This essay begins with an excerpt from one such letter, from Merton to the prominent Buddhist monk Thich Nhat Hanh. Like Francis, Merton appeals to our better angels, beseeching us to grow our individual and collective circles of compassion. How? By recovering the “ancient and original wisdom” that, in our hubris and greed, we have forgotten.

    And what might that essential wisdom be? “Do unto others” (Jesus). “No man is an island” (John Donne). “We are all relatives” (Lakota).

    Will America, like Merton, rise to the occasion? asks Francis by parable. Will we, like Merton confess our self-righteousness, expand the circle of compassion, and work for the common good? Or will we succumb to greed, racism, inequality, and addictions to war and fossil fuel, to our own demise and possibly that of the entire world.

    ###

    (The author is grateful to Bruce Busching for insights on the meaning of “radical” and Doug Hendren for editorial suggestions.)

    ###
    • This story also appeared at The Huffington Post. Image credit: Photo was provided by the author, Dave Pruett.
      513f6saxU8L._SL160_ The author's book Reason and Wonder: A Copernican Revolution in Science and Spirit (Praeger, 2012) further explores the interface between science, mythology, spirituality, and meaning. According to Ursula King of the Institute for Advanced Studies at the University of Bristol, Dave Pruett's Reason and Wonder (Praeger, 2012) "opens up [an expansive worldview] of true audacity and grandeur that will change your thinking forever."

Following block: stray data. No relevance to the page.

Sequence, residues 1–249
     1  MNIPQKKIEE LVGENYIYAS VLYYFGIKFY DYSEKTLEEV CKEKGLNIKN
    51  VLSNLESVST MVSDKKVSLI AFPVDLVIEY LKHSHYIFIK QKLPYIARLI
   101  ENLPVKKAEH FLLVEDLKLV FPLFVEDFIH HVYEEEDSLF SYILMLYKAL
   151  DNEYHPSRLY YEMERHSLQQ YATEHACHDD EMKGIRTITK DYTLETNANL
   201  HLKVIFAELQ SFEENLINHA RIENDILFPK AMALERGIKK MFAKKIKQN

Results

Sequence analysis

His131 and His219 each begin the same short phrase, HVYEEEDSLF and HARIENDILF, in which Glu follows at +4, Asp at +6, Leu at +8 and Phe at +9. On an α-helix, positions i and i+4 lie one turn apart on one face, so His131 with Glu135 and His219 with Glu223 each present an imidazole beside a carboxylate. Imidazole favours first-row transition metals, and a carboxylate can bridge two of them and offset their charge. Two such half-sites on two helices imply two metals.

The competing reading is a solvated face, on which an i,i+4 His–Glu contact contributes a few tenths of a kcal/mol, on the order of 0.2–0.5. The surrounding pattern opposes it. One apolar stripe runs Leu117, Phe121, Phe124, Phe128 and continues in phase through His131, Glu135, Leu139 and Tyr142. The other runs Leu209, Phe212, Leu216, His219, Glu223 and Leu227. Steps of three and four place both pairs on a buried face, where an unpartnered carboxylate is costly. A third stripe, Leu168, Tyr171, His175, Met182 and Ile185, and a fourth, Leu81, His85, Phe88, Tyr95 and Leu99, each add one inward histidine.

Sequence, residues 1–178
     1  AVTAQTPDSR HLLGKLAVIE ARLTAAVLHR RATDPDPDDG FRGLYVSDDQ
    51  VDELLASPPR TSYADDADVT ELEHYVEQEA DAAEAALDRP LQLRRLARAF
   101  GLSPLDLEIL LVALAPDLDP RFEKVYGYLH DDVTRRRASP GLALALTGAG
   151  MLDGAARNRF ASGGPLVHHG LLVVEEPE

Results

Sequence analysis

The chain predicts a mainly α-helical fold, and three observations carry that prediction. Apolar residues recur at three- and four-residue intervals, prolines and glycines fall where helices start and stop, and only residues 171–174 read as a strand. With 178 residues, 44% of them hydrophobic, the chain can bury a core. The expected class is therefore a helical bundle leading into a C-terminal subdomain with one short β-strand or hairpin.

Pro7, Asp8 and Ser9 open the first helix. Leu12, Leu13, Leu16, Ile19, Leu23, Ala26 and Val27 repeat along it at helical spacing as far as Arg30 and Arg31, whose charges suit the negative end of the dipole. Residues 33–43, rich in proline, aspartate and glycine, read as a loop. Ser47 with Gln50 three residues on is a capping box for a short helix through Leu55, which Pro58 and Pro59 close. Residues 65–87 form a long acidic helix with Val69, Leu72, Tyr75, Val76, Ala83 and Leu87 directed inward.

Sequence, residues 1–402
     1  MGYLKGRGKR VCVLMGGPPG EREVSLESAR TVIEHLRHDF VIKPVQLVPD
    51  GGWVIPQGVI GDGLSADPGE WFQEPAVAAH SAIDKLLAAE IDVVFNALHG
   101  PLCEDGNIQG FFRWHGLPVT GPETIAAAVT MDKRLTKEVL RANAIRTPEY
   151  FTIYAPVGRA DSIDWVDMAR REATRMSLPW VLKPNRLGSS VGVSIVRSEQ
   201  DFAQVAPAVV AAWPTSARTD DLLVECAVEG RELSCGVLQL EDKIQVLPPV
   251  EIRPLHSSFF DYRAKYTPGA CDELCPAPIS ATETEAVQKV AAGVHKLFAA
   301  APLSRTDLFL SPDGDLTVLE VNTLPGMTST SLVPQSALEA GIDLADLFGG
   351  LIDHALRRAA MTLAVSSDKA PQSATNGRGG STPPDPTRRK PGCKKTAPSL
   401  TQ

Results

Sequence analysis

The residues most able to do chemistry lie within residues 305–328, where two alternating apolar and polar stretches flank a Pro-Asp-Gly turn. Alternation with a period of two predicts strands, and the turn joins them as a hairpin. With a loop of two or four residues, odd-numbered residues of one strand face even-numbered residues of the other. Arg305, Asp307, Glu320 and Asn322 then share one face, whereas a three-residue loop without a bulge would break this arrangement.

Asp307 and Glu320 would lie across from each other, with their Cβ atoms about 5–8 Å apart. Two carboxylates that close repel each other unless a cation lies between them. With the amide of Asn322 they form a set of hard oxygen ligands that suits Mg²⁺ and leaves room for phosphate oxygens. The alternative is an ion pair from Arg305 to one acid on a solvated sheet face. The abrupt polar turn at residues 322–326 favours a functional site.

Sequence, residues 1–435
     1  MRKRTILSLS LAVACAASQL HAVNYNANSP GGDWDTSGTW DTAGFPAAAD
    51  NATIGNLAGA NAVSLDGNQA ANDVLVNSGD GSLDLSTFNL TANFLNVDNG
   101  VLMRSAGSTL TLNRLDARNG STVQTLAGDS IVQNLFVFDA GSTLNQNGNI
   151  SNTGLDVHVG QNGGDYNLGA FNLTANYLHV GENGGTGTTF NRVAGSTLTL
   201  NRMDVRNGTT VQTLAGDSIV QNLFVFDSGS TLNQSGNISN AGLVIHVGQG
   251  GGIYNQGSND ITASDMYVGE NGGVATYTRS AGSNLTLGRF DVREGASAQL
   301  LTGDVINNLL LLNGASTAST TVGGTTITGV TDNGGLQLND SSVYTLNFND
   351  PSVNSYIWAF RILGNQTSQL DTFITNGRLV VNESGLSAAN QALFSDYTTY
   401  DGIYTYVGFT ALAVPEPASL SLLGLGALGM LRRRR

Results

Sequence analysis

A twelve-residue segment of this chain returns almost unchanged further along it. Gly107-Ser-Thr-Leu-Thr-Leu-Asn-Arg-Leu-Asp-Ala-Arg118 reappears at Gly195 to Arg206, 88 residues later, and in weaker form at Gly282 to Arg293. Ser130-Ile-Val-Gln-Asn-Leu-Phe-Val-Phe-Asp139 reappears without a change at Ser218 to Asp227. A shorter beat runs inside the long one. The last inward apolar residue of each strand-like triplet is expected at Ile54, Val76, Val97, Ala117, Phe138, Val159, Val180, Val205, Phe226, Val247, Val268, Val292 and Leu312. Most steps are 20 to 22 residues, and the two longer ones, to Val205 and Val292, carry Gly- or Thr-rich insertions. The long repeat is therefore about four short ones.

Dave Pruett

    Dave Pruett

    Dave Pruett, a former NASA researcher, is an award-winning computational scientist and emeritus professor of mathematics at James Madison University (JMU) in Harrisonburg, VA. His alter ego, however, now out of the closet, is a writer. His first book, Reason and Wonder (Praeger, 2012), a "love letter to the cosmos," grew out of an acclaimed honors course at JMU that opens up "a vast world of mystery and discovery," to quote one enthralled student. For more information, visit reasonandwonder.org

     

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    • hannah

      I think some humans suffer from sensory deficits that prevent them from functioning as fully human. They are unable to connect (are out of touch) and so fall back to predatory behaviors to get what they perceive to need to survive, regardless of whom they exploit or injure, including their own kind, in the process.
      Whence comes the sensory deficit? I suspect it is related to either pre-natal or perinatal insults suffered by the human brain because of poor nutrition or the inherent conflict between the evolutionarily increasing size of the cranium and the fixed dimensions of a human pelvis that’s designed for bipedalism. Being upright and smart generates conflicting stresses. Intellect makes it possible to sublimate predatory behavior and target our prey indirectly. We call that capitalism. Capitalism is definitely an improvement over cannibalism, truly a self-defeating strategy from the perspective of the genome. We could say that capitalists are a lesser evil.